44. On 15 February 2013 the Government appointed a committee to consider and propose amendments to the provisions of the 1996 Ground Lease Act dealing with the extension of leases of permanent homes and holiday homes “to render them compatible with Norway’s international law obligations” under Article 1 of Protocol No. 1 to the Convention (“the Ground Lease Act Committee”). The Ground Lease Act Committee consisted of five members and was chaired by a law professor, and lessors and lessees were represented by one member each. Its mandate further stated that the question of the lessor’s right to claim new terms and that of retroactivity had to be broadly assessed, and the proposed new provisions must not give rise to any doubt as to their compatibility with the Convention. Moreover, it was emphasised in the mandate that the proposals for new provisions were to uphold the social housing concerns that formed the basis for the Ground Lease Act and to maintain the lessor’s property rights and need for predictability. Within the scope of Norway’s obligations under international law, the Ground Lease Act Committee was asked to focus on finding practicable rules that maintained a reasonable balance between the parties’ interests while at the same time upholding the necessary considerations of legal policy.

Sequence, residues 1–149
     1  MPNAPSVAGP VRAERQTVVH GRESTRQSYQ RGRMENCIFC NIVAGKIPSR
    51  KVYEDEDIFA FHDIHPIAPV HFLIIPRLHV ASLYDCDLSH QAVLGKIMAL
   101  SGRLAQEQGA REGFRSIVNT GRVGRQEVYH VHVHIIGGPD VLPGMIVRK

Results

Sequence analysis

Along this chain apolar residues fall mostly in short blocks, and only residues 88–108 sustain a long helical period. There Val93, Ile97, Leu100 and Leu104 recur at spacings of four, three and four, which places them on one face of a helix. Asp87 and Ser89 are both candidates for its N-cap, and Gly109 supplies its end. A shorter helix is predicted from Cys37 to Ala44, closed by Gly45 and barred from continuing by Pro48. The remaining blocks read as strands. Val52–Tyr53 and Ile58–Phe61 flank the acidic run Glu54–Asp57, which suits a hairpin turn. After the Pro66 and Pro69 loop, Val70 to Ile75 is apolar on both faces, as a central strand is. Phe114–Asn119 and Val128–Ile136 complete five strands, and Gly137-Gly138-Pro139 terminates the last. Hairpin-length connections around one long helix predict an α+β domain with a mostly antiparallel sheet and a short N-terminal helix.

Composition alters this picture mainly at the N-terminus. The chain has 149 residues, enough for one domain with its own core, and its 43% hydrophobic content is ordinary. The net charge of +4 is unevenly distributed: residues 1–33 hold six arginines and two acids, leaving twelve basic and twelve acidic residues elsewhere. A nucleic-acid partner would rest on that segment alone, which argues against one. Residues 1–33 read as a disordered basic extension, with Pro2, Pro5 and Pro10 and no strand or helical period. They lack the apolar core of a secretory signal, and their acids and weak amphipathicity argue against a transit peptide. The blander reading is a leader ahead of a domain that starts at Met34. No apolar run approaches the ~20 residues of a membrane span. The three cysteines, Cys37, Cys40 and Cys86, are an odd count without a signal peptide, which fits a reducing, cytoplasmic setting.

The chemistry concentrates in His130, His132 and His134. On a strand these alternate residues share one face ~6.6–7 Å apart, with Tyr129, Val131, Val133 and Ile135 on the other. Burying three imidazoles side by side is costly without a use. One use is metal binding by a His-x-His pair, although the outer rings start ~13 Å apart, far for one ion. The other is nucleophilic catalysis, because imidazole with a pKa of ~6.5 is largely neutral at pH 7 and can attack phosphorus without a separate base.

45. On 1 October 2013 the committee delivered its report. Five different possible models for the legal regulation of adjustment of ground rent in connection with extensions to leases were presented, termed a “one-off increase model”, a “percentage model”, a “combination model”, an “equal sharing model” and a “general clause”. In all models an option for the lessor to request an adjustment of the ground rent at intervals of at least thirty years had been included. Models referring to maximum or minimum amounts or a certain percentage included a rule according to which the amounts could be changed every twenty years. The Ground Lease Act Committee concluded that, despite their different modalities, none of the five proposed models raised any doubts as to their compatibility with Article 1 of Protocol No. 1 to the Convention.